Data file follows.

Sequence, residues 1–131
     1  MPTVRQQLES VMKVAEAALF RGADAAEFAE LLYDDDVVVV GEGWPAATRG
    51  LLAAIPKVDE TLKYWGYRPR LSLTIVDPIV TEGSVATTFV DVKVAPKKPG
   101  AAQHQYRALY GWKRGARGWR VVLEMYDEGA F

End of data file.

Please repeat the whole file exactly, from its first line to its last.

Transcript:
Sequence, residues 1–131
     1  MPTVRQQLES VMKVAEAALF RGADAAEFAE LLYDDDVVVV GEGWPAATRG
    51  LLAAIPKVDE TLKYWGYRPR LSLTIVDPIV TEGSVATTFV DVKVAPKKPG
   101  AAQHQYRALY GWKRGARGWR VVLEMYDEGA F